Even if just one of the Detroit Three — and GM is the most likely, as Ford is in better shape and Chrysler is much smaller — spiraled into a free-fall bankruptcy, the systemic effects, at least initially, would be huge. The whole industry would not be able to build cars in the U.S., because of the lack of parts. "Unlike the airlines or steel, when you look at the automobile industry and the fact that the whole supplier base is connected — to Ford, Chrysler, Toyota — it will have a ripple effect on the entire industry," says Nicole Y. Lamb-Hale, a bankruptcy expert at the Detroit office of Foley & Lardner, a law firm that represents some GM suppliers.
A carefully planned, prepackaged bankruptcy would still be troublesome, she says. Throwing 479,000 GM retirees onto the rolls of the Pension Benefit Guaranty Corp., for instance, could overwhelm it. And GM's agreement to fund the United Auto Workers' voluntary employee beneficiary association (VEBA) — thus getting a $50 billion unfunded liability off its books — might then be in jeopardy, as would the union's health benefits. The VEBA has already saved GM nearly $5 billion in the past quarter, and still greater benefits lie ahead.
A bailout won't spare GM or its workers pain. Assuming the government bridges GM to the future — or provides debtor-in-possession financing in a bankruptcy — there is still a ton of restructuring to do. The company operates 21 plants in North America and has three more that are scheduled to close. But Grant Thornton's Rodriguez says that still leaves five to go to match demand. "They still need to take structural steps: reduce suppliers, reduce the number of plants, reduce the cost structure and get rid of excessive debt." Most analysts say GM has to dump underperforming brands too.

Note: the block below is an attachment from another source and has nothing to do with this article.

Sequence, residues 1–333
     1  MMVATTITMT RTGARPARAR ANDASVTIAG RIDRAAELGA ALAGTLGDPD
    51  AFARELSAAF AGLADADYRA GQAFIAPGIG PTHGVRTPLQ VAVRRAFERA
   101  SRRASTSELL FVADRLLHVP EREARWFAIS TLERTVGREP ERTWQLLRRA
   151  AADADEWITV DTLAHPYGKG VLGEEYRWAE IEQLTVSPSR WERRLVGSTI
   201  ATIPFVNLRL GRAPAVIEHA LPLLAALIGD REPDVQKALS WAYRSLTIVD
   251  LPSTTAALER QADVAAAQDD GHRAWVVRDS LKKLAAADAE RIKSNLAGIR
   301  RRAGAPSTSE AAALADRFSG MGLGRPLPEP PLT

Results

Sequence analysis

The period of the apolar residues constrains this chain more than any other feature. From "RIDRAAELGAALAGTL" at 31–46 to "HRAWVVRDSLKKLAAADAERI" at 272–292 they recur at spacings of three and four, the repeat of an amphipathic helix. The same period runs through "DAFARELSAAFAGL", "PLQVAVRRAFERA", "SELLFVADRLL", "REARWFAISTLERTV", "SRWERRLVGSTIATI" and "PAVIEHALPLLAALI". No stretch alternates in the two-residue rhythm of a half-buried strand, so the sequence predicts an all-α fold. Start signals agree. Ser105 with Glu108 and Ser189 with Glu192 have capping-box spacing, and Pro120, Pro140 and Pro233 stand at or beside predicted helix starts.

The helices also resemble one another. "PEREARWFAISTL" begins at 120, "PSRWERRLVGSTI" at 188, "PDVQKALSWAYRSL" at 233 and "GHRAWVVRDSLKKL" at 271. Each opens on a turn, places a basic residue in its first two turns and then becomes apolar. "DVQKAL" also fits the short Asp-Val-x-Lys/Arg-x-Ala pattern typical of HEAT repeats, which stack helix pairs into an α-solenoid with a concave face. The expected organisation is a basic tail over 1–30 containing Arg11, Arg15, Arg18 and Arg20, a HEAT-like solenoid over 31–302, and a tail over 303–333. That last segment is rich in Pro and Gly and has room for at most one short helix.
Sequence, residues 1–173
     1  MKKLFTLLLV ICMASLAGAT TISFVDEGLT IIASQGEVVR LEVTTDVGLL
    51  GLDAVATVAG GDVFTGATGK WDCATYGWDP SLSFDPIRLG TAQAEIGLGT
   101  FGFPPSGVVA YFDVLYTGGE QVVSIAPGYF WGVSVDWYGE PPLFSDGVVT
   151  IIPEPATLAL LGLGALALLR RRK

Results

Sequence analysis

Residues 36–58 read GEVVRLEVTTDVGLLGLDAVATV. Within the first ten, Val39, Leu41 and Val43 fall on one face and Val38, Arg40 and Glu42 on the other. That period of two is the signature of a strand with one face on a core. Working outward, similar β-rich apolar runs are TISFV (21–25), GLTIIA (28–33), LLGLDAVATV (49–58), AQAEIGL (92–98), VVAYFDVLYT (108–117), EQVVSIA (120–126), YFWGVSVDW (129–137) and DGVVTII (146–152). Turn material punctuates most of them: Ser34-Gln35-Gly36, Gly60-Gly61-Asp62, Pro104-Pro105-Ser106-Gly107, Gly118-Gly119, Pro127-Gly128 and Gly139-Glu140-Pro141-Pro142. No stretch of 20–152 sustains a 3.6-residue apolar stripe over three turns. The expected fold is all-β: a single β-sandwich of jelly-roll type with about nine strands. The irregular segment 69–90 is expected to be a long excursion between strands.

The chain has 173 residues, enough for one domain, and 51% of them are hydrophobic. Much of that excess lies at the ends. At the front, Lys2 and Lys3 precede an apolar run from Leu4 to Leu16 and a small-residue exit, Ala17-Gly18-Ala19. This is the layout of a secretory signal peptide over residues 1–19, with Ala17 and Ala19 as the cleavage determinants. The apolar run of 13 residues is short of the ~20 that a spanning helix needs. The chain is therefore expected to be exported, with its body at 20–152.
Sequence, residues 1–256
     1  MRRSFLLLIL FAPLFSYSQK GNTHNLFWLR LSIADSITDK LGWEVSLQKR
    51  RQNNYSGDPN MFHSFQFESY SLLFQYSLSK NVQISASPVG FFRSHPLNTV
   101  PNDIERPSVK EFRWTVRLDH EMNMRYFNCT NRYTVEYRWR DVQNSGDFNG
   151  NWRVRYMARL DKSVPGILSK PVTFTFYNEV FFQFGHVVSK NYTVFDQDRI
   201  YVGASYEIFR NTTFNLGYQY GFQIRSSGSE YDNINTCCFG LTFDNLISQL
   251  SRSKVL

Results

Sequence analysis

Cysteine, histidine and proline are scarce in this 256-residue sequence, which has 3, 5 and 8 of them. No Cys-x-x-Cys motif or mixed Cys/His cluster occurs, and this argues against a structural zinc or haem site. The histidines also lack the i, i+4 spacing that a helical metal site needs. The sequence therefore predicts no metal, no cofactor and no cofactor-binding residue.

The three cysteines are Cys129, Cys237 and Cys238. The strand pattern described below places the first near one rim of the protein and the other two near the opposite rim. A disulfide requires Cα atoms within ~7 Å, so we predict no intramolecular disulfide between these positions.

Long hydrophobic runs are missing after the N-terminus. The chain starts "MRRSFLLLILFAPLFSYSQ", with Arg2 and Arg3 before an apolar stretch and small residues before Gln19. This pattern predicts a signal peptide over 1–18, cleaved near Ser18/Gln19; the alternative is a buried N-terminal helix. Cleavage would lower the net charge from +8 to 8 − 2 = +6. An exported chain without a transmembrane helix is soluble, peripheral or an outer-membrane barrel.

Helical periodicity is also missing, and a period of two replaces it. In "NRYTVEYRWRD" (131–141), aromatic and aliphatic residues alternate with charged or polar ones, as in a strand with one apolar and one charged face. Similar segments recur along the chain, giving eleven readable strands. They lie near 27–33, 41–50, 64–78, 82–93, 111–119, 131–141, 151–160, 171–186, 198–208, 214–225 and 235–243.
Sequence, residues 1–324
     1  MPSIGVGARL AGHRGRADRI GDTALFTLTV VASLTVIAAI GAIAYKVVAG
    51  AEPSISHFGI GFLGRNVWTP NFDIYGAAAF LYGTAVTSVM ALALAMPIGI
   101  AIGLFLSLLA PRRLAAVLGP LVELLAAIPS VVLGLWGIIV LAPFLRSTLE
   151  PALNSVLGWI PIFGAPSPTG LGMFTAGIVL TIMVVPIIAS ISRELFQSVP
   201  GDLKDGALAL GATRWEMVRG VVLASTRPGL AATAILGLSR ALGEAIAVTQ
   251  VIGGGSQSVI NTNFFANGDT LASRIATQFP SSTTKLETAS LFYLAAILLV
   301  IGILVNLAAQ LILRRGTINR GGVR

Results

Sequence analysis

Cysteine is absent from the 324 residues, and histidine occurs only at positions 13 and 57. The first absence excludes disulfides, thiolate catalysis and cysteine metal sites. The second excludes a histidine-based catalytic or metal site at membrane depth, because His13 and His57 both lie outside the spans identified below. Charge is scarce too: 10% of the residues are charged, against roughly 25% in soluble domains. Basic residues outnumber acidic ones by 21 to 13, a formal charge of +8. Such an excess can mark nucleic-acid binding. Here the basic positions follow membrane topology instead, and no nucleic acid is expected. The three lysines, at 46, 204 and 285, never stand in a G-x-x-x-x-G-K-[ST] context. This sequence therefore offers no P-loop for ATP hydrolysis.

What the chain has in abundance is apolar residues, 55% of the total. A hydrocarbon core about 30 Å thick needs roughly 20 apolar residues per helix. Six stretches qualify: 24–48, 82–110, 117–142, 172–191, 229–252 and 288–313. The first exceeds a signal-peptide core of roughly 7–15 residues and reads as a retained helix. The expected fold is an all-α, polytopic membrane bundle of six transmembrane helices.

Shutting down plants and cutting labor are costly — it's one of the ironies of the auto business. Deutsche Bank estimates that GM would have to spend $12 billion to chop labor costs and compensate dealers who lose their franchises. That would lower GM's North American operating costs from the current $31 billion to $25 billion annually, says Deutsche Bank. (See pictures of the global financial crisis.)
None of this can happen without the cooperation of the UAW, which is probably feeling better knowing that Obama is on his way to Washington. Although it hasn't shown its hand, the UAW may try to mitigate job losses in the U.S. by pushing GM and Ford to build fewer vehicles in Mexico, according to Sean McAlinden, chief economist at CAR. Obama might be sympathetic to that argument; he said during the campaign that NAFTA needed to be re-examined. The carrot for GM is that any new workers it hires in the U.S. will make $13 to $14 an hour and collect limited benefits rather than work for $29 an hour and get full benefits — the old UAW wage.
There's also a legitimate question as to who would do the restructuring. GM CEO Rick Wagoner has made the case that his crew is best placed to run the turnaround since it knows where the cost buttons are. But critics like Jim Schrager at the University of Chicago Booth School of Business say the wrong people are in charge: "I think you would only put money in GM if you had a complete change in the board and the current management. They are diligent. They worked very hard, but it just hasn't worked." In Schrager's view, GM is a strategic failure. It can manufacture high-quality cars, but it neither makes the right kind nor markets them effectively. He'd bust the company up into three independent firms: Chevy, Buick-Pontiac-GMC and Cadillac-Saab-Saturn.
If that's ultimately where Detroit ends up, is it worth the price to get there? Put another way, does GM deserve to be bailed out or left at the mercy of the market and almost certain death? "The University of Chicago training in me says the market should prevail," says Schrager. "But the Chrysler bailout was a success, and, gosh, I'd love to save it." That sentiment is not shared by everyone, and it goes to the heart of the central economic debate facing the country — between hard-nosed capitalists, who believe the market should decide, and public-policy types who view the economy as something far more organic than a balance sheet. But ultimately, whether GM is dead or alive, the taxpayers are on the hook for billions, for everything from lost tax revenues to higher unemployment costs to taking over GM's pension obligations. The decision that Washington has to make is whether we pay for GM's survival or for its funeral.
— With reporting by Joseph R. Szczesny / Detroit